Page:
Tuesday, December 11, 2018

1) Disheartening Truth of Papuan Children`s Dream to be OPM member



2) Indonesia rejects West Papua demands as troops hunt separatists
3) Government to shift focus from infrastructure to education in Papua
4) Jakarta-Papua Tensions Flare
5) Sincha Dimara: My mother, a West Papuan survivor of many hardships, spurred along by her faith

6) West Papua refugees share their stories at Lithgow forum
---------------------------


1) Disheartening Truth of Papuan Children`s Dream to be OPM member
Disheartening Truth of Papuan Children`s Dream to be OPM member

WEDNESDAY, 12 DECEMBER, 2018 | 10:22 WIB
TEMPO.COJakarta - Head of Papua Police’s community guidance task force, Grand Commissioner Eko Sutardo, shared his heart-wrenching experience while blending in with children that live within areas prone to conflict.
He recalled to the moment children expressing eagerness upon growing up to be a soldier for the Free Papua Organization (OPM).
“We often meet children living in the area of conflicts and ask them what they dream to be once they grow up, we found answers of wanting to grow up becoming an OPM member,” said Eko when Tempo met him in South Jakarta on Tuesday, December 11.
Eko theorized that children directly meet armed separatists in conflict-prone areas and perceive the men holding rifles as an example to look up to, which is made worse by the hateful doctrines taught by the separatist members.
“I want to be just like those brothers that hold weapons, travel, fire the weapons, and have lots of money,” said Eko imitating the child’s sentence.
He argues that the flux of these separatist groups is driven by the hateful doctrines and post-conflict trauma experienced by them which is made worse by the absence of any reasonable trauma healing efforts.
Indonesian Institute of Sciences (LIPI) researcher Adriana Elisabeth said that the lack of any proper government-driven trauma healing program contributes to the reason why shootings and human rights violations by separatists often reoccur in Papua.
TAUFIQ SIDDIQ
 

-------------------------------


SBS 
2) Indonesia rejects West Papua demands as troops hunt separatists

The Papuan province has been plagued by violence in recent weeks

Updated 4 hours ago By Stefan Armbruster 



VIDEO

Indonesia has rejected renewed West Papuan separatists' demands for independence and the deployment of United Nations peacekeepers as the death toll mounts after almost two weeks of fighting in the Papuan province.
At least 17 workers on a major highway construction project were killed 10 days ago in an attack claimed by the West Papua National Liberation Army, known at TPNPB.
The separatists claimed the men were Indonesian military personnel while Indonesian officials say the gunmen are violent criminals who must be held to account. 


Gun battles erupted when the Indonesian military responded. At least four civilians reportedly died in the cross fire, with an unspecified number of soldiers and combatants also killed or wounded.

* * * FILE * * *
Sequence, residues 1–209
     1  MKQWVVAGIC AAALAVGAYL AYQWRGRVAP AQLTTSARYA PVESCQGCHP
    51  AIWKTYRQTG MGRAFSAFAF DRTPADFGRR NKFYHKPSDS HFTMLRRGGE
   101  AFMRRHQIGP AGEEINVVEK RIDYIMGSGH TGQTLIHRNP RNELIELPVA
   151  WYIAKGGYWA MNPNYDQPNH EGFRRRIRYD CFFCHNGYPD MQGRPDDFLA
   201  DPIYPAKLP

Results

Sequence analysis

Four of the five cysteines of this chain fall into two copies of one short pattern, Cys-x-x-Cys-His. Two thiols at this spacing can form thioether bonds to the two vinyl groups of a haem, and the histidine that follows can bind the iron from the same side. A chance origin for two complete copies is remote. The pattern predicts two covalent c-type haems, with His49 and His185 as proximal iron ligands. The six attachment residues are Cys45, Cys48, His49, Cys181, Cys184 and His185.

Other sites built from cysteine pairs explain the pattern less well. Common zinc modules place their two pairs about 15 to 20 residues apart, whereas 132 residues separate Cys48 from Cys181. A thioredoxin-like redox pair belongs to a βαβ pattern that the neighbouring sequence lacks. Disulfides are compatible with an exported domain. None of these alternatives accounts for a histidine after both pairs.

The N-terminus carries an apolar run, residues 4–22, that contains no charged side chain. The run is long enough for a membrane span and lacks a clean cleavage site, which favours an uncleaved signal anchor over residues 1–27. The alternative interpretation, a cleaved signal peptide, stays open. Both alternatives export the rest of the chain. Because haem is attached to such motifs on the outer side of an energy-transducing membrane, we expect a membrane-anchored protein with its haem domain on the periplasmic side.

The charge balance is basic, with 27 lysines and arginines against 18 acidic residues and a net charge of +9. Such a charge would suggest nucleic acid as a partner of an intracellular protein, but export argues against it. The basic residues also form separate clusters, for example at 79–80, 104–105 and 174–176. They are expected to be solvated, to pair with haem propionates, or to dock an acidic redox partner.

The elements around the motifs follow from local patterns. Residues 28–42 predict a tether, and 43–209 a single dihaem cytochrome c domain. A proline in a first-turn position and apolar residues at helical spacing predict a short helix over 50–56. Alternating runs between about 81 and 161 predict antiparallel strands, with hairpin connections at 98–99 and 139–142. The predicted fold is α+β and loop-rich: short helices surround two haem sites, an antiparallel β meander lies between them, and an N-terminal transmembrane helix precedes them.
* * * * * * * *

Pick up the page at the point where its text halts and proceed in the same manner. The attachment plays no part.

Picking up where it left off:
A civil conflict has raged since Indonesia’s annexation of the former Dutch colony and a disputed United Nations referendum in the 1960s, that has reportedly resulted in tens of thousands of deaths.

VIDEO



In a video, a spokesperson for the National Liberation Army read an open letter to Indonesian President Joko Widodo rejecting a call to surrender, demanding an end to Indonesian rule and an independence referendum.
“TPNPB will continue armed resistance without surrender and will continue to fight until full independence is achieved from Indonesia brutal colonialism,” Sebby Sambam said, while standing alongside Major Terianus Santos, head of staff for the National Liberation Army of West Papua, behind the Morning Star independence flag.


“Call on withdrawal of all Indonesian military forces out of Papua and bring in the UN peacekeeping troops.
“Call on Indonesian government to oblige in letting indigenous people of West Papua freely vote for self-determination.”
Indonesia's top security minister, Wiranto, said on Tuesday the government will not open talks with those who have committed serious crimes.
"The enemy (TPNPB) have escaped and the authorities are still making an effort to run after them," said Wiranto, who goes by only one name.
"They have spread propaganda to scare people. They have committed inhumane crimes and we must fight against them." 
Thousands of people have reportedly fled into the mountains in Nduga where the attack occurred as Indonesian forces retook strategic positions in the remote part of Papua.


Since coming to power in 2014, Widodo has tried to address the Papua issue by freeing some political prisoners, promising improved human rights and particularly by stepping up infrastructure investment, including through a Trans Papua road.
Many traditional land owners say the 4600km highway through Indonesia’s Papuan provinces is being built without their approval.
Australia’s Foreign Minister Marise Payne discussed the latest violence with her Indonesian counterpart last week in Bali.
“This is a very tragic event and we hope that there will be an appropriate and serious comprehensive investigation of these events. They are of course a great concern,” Ms Payne told her Indonesian counterpart Retno Marsudi last Thursday.
Foreign media are restricted from entering the Papuan provinces to independently verify the situation.
Hundred of arrests have been made since the December 1 anniversary, which marks the raising of the banned Morning Star independence flag, sparking criticism from the UN in Geneva.
“While we acknowledge the complexities of the situation in Papua, we are troubled by the crackdown over peaceful demonstrations and increasing reports of excessive use of force by security forces, harassment, arbitrary arrests and detentions in Papua, including harassment and threats to lawyers working on these cases,” UN Office of High Commissioner for Human Rights (OHCHR) spokesperson Ravina Shamdasanin said.


We urge the Government to act to constructively address the grievances being voiced in Papua in line with Indonesia’s international human rights obligations and the political commitments made in the Human Rights Council Universal Periodic Review.”